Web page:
Vermont's Loss Is Tennessee's Gain With Duffy, Currier

Feb. 24, 2010


Saturday's walk-off victory against Xavier was emotional for the Tennessee baseball team, but especially for one player and one coach.

Matt Duffy, in his first season with the Vols, started at third base, batted fifth, and went 0-for-4 with a strikeout. Nothing special. Volunteer assistant coach Bill Currier took a little extra pride in that left fielder P.J. Polk scored the winning run; Currier is in charge of coaching the outfielders. But quite honestly, Duffy and Currier were just happy to be on a field competing.

One year ago, on Feb. 20, 2009, Currier was about to embark on another season as head coach of his alma mater, the University of Vermont. Duffy was about to have a career season as shortstop for the Catamounts. Two weeks before the season was scheduled to begin, the news came: Vermont was pulling the plug on its baseball program despite its lush history. The program had placed 32 players in the Major Leagues and was the school's most successful athletic team in terms of winning percentage.

Vermont got outscored 35-5 in that opening series of the season at Vanderbilt. The Catamounts finished with a 22-33 record but was 14-10 in the America East Conference. Duffy was the conference player of the year. But it was obvious that the season wasn't the only thing on the players' minds.

"Everyone is kind of scrambling. Where am I going to play next year? Am I going to play next year? Are my credits going to transfer?" Duffy said.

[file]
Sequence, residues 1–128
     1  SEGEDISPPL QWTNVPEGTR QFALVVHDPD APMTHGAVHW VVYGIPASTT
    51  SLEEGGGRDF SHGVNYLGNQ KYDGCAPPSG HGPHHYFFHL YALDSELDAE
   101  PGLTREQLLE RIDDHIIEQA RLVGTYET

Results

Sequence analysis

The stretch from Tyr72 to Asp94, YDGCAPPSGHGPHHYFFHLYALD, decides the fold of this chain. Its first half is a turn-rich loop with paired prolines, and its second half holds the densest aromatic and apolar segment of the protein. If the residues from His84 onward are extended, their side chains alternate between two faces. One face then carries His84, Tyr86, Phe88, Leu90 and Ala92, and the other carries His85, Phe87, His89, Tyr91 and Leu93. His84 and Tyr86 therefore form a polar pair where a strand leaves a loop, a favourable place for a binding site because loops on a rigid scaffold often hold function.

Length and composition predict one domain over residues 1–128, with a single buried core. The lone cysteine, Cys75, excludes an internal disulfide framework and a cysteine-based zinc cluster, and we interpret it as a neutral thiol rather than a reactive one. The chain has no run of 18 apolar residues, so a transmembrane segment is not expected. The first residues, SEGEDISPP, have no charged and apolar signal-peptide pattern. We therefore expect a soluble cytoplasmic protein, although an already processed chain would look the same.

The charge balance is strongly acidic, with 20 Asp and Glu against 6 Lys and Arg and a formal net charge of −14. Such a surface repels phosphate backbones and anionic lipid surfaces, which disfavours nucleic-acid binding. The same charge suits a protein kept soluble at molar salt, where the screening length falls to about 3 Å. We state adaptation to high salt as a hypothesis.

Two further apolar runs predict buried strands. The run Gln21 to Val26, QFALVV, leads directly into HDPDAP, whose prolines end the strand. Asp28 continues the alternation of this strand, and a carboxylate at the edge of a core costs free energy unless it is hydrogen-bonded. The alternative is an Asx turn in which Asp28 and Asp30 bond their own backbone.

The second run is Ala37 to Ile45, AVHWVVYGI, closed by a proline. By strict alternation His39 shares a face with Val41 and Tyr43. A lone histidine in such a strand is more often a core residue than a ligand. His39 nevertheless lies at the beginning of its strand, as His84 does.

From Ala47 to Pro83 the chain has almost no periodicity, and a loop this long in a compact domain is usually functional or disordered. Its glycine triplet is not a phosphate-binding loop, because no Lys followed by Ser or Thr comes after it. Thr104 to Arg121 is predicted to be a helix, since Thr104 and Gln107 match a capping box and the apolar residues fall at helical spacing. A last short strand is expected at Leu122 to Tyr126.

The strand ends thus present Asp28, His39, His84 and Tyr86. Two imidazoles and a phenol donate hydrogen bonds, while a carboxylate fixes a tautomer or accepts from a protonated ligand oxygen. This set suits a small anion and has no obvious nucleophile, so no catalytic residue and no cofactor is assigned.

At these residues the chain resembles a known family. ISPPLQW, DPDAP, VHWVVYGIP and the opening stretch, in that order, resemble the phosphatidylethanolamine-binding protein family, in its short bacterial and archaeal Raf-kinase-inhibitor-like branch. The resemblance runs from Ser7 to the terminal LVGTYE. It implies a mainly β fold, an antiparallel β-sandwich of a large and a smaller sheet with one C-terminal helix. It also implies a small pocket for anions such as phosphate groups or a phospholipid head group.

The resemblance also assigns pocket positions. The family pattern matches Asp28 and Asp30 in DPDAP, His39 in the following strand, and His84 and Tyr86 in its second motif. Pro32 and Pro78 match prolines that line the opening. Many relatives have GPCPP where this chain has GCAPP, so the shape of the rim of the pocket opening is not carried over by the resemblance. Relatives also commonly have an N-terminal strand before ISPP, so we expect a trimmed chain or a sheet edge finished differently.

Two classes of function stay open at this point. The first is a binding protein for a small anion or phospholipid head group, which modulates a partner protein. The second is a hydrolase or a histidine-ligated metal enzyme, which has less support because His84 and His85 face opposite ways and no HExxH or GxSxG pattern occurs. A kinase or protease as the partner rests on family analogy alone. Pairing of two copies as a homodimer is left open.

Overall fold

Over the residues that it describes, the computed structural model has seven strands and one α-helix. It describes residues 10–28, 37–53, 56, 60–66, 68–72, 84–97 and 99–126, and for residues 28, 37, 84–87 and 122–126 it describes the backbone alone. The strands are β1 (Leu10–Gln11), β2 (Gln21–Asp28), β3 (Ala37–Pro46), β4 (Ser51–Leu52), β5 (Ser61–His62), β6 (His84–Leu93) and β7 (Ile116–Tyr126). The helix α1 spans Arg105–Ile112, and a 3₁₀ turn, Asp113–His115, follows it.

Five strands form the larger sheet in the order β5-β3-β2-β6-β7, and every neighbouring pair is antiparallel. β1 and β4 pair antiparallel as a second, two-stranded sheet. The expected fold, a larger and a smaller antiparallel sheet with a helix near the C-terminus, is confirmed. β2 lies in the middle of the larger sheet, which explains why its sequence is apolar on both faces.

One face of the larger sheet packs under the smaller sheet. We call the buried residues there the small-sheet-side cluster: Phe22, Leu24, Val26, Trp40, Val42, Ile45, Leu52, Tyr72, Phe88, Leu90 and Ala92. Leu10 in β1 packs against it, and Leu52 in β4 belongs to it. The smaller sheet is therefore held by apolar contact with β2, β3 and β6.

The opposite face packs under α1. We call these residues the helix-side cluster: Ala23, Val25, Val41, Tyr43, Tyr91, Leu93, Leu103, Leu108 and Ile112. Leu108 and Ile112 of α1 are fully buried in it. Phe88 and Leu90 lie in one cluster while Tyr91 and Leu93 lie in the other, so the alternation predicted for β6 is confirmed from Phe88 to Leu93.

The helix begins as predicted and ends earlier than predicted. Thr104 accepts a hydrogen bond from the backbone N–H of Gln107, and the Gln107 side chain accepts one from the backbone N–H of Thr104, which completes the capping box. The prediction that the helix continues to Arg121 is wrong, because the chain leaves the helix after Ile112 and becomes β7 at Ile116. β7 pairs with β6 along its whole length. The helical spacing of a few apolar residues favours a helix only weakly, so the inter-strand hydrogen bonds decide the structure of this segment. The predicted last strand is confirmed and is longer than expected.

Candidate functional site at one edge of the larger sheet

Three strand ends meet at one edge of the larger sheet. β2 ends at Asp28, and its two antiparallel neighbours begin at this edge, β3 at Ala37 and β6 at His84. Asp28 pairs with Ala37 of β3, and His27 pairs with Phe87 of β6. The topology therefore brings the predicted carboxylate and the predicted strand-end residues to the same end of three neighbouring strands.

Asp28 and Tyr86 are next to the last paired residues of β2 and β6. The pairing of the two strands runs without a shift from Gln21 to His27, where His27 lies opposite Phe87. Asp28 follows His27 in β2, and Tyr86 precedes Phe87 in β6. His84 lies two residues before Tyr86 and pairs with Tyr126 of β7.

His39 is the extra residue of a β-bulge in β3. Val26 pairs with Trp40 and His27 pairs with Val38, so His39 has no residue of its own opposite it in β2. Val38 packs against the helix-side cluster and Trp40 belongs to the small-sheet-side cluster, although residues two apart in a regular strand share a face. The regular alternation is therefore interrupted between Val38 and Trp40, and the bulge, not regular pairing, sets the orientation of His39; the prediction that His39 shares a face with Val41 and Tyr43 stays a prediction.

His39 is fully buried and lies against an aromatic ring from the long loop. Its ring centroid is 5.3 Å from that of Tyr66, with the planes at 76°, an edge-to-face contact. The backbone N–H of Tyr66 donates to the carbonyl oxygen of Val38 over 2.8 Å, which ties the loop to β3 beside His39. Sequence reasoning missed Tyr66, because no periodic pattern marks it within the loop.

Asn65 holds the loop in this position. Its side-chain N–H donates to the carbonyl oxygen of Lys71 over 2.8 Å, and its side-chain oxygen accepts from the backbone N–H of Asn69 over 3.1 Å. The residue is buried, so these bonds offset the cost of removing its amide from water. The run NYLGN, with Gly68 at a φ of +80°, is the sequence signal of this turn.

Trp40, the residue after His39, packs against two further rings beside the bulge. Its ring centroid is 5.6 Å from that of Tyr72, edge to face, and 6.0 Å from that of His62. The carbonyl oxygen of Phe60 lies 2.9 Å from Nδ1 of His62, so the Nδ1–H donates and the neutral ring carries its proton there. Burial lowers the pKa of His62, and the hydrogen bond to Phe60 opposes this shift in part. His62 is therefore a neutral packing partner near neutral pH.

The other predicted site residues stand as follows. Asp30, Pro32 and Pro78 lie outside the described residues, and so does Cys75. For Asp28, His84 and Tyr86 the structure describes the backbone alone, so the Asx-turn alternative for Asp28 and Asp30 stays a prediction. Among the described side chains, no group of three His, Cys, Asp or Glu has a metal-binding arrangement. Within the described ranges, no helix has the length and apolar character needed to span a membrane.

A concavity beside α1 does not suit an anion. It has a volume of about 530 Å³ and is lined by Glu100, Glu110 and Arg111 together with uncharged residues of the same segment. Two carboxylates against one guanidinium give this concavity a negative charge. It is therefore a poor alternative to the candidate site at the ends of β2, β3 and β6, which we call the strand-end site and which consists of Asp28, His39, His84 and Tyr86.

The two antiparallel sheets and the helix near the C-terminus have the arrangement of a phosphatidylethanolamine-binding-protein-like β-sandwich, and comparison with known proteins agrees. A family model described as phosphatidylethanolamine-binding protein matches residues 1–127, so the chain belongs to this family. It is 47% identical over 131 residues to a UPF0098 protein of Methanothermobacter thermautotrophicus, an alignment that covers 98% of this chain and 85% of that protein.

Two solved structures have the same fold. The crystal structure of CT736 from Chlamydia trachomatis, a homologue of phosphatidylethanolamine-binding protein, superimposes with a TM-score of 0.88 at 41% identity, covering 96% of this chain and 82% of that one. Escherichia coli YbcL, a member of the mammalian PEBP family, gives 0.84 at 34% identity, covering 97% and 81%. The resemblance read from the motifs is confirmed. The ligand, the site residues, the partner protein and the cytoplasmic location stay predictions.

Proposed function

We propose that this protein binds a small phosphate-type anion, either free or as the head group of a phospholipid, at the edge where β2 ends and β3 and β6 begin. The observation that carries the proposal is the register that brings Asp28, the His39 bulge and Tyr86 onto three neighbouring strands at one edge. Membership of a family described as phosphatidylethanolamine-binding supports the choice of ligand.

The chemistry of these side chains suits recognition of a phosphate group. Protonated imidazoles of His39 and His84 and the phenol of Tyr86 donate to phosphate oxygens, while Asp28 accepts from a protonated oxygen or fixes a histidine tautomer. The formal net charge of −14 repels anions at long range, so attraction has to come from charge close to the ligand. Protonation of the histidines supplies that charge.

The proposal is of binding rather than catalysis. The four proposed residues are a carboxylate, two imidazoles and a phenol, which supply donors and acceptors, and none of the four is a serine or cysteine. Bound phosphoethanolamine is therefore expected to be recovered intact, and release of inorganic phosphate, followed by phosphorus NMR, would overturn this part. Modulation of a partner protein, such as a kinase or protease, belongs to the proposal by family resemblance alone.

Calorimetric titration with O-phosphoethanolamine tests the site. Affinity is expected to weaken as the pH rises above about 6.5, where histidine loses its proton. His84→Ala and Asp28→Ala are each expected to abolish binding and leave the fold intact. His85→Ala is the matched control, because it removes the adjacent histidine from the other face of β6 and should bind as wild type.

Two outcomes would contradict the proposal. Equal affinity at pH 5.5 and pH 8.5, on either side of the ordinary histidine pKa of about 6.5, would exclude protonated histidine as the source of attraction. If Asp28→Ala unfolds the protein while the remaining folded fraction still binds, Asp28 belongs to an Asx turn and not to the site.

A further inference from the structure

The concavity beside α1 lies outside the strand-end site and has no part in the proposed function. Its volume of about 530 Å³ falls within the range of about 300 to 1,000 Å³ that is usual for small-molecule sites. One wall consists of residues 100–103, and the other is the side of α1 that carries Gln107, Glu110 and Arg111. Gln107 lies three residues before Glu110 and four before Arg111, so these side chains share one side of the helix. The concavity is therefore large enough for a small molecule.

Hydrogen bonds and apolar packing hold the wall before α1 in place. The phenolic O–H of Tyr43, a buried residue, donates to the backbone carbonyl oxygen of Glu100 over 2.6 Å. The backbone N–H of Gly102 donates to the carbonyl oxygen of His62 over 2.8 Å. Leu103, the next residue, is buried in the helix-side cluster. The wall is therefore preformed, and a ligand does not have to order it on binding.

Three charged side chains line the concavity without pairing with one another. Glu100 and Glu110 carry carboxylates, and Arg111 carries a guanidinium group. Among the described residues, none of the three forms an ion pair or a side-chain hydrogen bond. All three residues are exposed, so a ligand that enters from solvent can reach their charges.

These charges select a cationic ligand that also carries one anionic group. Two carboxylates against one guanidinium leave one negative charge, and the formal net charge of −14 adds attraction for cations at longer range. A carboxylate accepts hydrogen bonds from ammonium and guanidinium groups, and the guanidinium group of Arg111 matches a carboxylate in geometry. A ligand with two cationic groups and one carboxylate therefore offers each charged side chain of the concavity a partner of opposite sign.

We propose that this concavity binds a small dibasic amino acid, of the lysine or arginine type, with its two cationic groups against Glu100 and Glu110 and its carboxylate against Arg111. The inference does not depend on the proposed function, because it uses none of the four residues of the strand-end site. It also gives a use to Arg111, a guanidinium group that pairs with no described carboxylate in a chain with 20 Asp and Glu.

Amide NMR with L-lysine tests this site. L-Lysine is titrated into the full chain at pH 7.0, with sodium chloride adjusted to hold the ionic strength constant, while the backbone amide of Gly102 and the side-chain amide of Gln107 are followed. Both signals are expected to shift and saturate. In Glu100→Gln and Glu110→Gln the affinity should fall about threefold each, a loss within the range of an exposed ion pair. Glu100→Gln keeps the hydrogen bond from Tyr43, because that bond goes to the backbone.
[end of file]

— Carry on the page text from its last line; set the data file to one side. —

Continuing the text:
Added Currier, who went 486-470 in 22 seasons at his alma mater: "It was a difficult pill for us to swallow. We had 18 freshmen and sophomores so we were lining up to be a pretty darn good team in a couple of years. It was difficult for us as a team and very disheartening to my old teammates and the many kids I coached there over the years."



Duffy said players were trying to balance aggression on the field with patience off.

"It was bizarre," he said. "Everyone was waiting, hoping to get calls from other teams."

Duffy got a call from Tennessee. He visited Knoxville over Easter, watched the Vols play Mississippi State (a 10-9 loss), and signed two weeks later. The Vermont native was headed to the South.

"At the beginning it was crazy," Duffy said. "I have never seen such school spirit at such a huge university with this tradition. I went to a smaller school and everyone kind of kept to themselves. The baseball team wasn't that big of a deal. But down here, it's just a whole different world. Everyone supports you from top to bottom in all the sports. It's crazy. It's been a great experience."

UT head coach Todd Raleigh said getting Duffy to wear the Vols uniform was a no-brainer.

"You can talk recruiting and we certainly sign first rounders out of high school and all these top picks," Raleigh said. "But they're still unproven in college, I don't care if they have five stars or four stars, it doesn't matter. When you have an opportunity to get somebody who is already established in college baseball, that's the best indicator, to me, of success because he's already achieved success at this level."

And it's gotten better. Duffy, a junior economics major, was walking to class one day when his phone rang. It was his coach from Vermont, Currier. The coaching veteran had accepted a volunteer position with Tennessee. The two former Catamounts were about to be reunited.